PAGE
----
Largely neglected and forgotten by the world, the ABC Movie-of-the-Week was once a staple of American television viewing. A huge ratings boost for the runty network, the MOW revolutionized TV in the early- to mid-70s, creating a long-lasting impact on the future of programming, much like the “reality TV” surge of the 90s. ABC aired dozens of titles over the years, most of which flaunted lavish production values and veteran casts.
Although the budgets were considered extravagant for the time period, let’s take a moment to put things in perspective. A one year order of 30-35 TV movies cost ABC approximately $15-$18 million, while Breaking Bad’s current production budget is $3 million-per-episode. Adjusted for inflation, ABC was paying approximately $1 million for a 75-minute feature while AMC is currently coughing up $3 million for a 44-minute episode.
Today the majority of ABC’s TV-movies are so dated and cheesy that they prove almost unwatchable (the average viewer rating for MOWs on IMDB is around 5 out of 10). Interestingly, the only films from the TV-movie subgenre that have managed to retain any real resonance are the horror titles. Beginning with Steven Spielberg’s Duel (1971)––the godfather to which all other Movies-of-the-Week must pay their due respects––the ABC pedigree includes much-beloved cult classics Bad Ronald (1974), Trilogy of Terror (1975), and the supremely chilling Don’t Go to Sleep (1982)––one of my all-time favorites, still frustratingly unavailable on DVD. 1973’s Don’t Be Afraid of the Dark is another member of this highly-revered class of TV-movie graduates. Considered solid enough to be the basis for this year’s Guillermo Del Toro-produced remake, its whimsical quaintness still provokes feelings of potent nostalgia, especially among Gen-Xers. Unfortunately, time has not been particularly kind to this entry in the canon.
When wife Sally and husband Alex inherit a spooky old mansion from a dead gramma, they promptly move into the dump. Although their eccentric handyman Mr. Harris warns against opening the sealed fireplace in the basement, Sally is rich-girl snooty enough to crack open the fireplace her own damn self, which unleashes a trio of mini-demons who proceed to wreak havoc on her pampered life.
While the creatures are mischievous, their early behavior is amusingly innocuous, and Sally (played by Kim Darby, who readers of this website would most readily recognize from Halloween 6 and Teen Wolf Too) overreacts to every bland prank with a horrified facial expression that suggests she’s just gazed directly into the yawning mouth of hell. They frighten her by appearing behind a flowered centerpiece at a dinner party, they hide behind window curtains and tug at her skirt as she walks by, and (in what is probably the movie’s most irritating, yet memorable, detail) they whiningly implore poor Sally to “Let us free! Let us free!” Although nothing truly malicious happens until after the halfway point, Sally’s overt horror is a steadfast, hilarious presence from the opening moments.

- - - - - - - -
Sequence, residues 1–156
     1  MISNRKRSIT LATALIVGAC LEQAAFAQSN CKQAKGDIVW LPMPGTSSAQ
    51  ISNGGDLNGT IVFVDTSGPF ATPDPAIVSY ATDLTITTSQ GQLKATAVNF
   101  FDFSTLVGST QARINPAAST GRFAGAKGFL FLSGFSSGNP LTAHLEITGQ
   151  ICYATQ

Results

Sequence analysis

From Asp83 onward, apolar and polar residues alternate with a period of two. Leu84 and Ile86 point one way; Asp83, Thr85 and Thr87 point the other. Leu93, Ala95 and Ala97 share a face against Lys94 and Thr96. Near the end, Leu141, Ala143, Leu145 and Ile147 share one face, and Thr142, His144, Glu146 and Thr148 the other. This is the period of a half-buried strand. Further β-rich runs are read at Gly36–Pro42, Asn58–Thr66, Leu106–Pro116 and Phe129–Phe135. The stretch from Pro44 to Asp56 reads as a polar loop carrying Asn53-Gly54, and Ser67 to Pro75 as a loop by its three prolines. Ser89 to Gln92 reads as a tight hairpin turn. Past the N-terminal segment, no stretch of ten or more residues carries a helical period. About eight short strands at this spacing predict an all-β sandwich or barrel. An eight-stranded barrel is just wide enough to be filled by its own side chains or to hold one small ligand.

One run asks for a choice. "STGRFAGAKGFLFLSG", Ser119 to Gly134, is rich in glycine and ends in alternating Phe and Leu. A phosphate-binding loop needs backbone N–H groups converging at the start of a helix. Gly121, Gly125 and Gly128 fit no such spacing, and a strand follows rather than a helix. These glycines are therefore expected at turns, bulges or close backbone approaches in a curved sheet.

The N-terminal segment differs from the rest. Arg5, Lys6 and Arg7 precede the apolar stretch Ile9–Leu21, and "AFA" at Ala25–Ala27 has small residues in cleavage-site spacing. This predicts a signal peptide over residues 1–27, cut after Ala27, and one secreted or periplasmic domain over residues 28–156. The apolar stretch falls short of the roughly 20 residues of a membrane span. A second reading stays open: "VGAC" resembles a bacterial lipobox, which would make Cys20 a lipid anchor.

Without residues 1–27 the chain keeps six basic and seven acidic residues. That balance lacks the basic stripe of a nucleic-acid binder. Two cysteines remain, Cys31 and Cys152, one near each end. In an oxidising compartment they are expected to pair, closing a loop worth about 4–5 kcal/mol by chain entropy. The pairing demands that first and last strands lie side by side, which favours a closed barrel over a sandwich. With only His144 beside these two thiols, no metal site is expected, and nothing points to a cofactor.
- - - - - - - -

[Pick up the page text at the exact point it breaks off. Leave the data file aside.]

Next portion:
The film’s strongest attribute is undoubtedly its campy surrealism, although it can be difficult to tell whether or not the nightmarish tone is intentional. The tiny demons in Don’t Be Afraid of the Dark are played by full-grown adults in black costumes and creepy moon-faced masks, a fact made obvious with every goofy forced perspective shot. When a demon peeks out from behind books on a shelf, you can practically see the texture of the giant sheet of Styrofoam the books were cut from. Some images and scenes are just offbeat and bizarre enough to have a lasting impact, which probably explains the film’s respectable cult following. Later films like Trilogy of Terror and Cat’s Eye improved on the special effects considerably, allowing an increased suspension of audience disbelief, which eventually led to real scares. But Don’t Be Afraid of the Dark isn’t as ambitious as either of those films, and it shows. While it may not hold up as well as other made-for-TV horror movies from the time period, it still remains a trippy little ride.